Outsider Benoit Hamon will fight former Prime Minister Manuel Valls for the French Socialist party presidential nomination after both made it through the first round of the primary Sunday, partial results showed.
Hamon, former education minister, scored just over 35 percent to 31 percent for Valls as ex-economy minister, while Arnaud Montebourg was eliminated with 18 percent, according to results from one-third of polling stations.
Whoever wins next Sunday's runoff faces long odds as polls currently show the presidential election in April and May shaping up as a three-way contest between conservative ex-premier Francois Fillon, far-right leader Marine Le Pen and Emmanuel Macron, the former economy minister and former bank executive at Rothschild.
Valls, who was slapped this week by a protester, appears to have paid the price for his neoliberal policies as the Socialist government's prime minister and has struggled at times in a campaign he was expected to dominate. His rivals accused him of betraying leftist ideals by forcing through labor market reforms.
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Following his elimination, Montebourg immediately threw his weight behind his former Cabinet colleague Hamon, both of whom represent the Socialists' left flank.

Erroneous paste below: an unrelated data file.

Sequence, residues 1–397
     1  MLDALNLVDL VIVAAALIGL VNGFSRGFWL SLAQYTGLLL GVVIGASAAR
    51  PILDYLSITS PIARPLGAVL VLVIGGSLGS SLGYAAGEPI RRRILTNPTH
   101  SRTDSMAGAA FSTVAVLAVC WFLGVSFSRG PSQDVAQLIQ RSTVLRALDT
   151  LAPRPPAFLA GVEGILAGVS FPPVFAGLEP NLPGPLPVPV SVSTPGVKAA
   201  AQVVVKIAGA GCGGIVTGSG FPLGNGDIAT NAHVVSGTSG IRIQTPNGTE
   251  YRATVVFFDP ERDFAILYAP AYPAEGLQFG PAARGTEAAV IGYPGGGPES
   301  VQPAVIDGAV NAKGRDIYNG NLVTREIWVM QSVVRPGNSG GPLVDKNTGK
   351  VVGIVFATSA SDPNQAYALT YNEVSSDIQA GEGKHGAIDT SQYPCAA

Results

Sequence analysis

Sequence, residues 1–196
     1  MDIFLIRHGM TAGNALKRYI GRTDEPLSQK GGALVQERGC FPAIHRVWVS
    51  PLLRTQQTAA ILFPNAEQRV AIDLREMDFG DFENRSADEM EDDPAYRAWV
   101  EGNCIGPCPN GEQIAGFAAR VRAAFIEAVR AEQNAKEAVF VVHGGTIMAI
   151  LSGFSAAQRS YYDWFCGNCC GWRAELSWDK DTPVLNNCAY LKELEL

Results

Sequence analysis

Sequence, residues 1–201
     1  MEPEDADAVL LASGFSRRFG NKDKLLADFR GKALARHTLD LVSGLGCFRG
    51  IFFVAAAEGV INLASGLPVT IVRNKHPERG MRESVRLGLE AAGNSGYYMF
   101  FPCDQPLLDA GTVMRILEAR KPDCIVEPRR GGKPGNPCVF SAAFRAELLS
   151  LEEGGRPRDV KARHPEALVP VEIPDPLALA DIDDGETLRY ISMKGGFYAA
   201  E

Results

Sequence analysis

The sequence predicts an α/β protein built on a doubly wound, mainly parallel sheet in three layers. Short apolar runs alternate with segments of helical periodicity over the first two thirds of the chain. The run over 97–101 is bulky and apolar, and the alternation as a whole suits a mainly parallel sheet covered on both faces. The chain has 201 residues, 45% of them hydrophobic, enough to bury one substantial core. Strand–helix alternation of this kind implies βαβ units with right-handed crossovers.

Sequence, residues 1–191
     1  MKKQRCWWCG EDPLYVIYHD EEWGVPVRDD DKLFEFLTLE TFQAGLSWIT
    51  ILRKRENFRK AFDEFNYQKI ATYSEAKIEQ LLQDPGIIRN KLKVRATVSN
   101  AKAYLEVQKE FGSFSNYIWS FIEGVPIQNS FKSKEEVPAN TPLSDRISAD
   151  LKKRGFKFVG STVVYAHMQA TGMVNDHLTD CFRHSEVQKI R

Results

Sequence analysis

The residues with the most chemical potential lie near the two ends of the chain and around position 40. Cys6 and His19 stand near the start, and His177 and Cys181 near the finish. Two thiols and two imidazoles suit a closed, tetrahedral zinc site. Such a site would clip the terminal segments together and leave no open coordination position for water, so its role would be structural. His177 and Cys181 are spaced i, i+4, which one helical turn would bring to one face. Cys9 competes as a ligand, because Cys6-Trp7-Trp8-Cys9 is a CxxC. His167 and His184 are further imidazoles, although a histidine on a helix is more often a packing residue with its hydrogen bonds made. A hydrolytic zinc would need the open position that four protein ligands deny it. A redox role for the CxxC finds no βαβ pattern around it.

"We left the government together, we fought together. Next Sunday I'll be voting Hamon," Montebourg said.
Hamon performed strongly in three TV debates packed into a short campaign, attracting attention with his proposal to pay the poor and 18- to 25-year-olds a "universal income" rising from 600 euros to 750 euros (US$640 to US$800) a month.
Turnout for the Socialist primary was around half of that of the center-right Republicans primary in November. Between 1.7 million and 1.9 million voted, according to an estimate by the Elabe polling group, compared with the 4 million who took part in the first round of the right-wing primary.
Some Socialist heavyweights have hinted they could support neoliberal social-democrat Macron over their party's nominee, arguing he may have a better chance of reaching the second round of the presidential election against Le Pen.
Macron himself has ruled out a pact with the Socialists, announcing Thursday that his En Marche movement would field hundreds of candidates in parliamentary elections in June.
Communist-backed firebrand Jean-Luc Melenchon, who like Macron is polling in double digits in his campaign as an independent, also risks splitting the left-wing vote. Commenting on the results, he said the Socialist nominee chosen during the runoff vote next Sunday will likely withdraw in favor of Macron or himself, in order to avoid divisions within the left.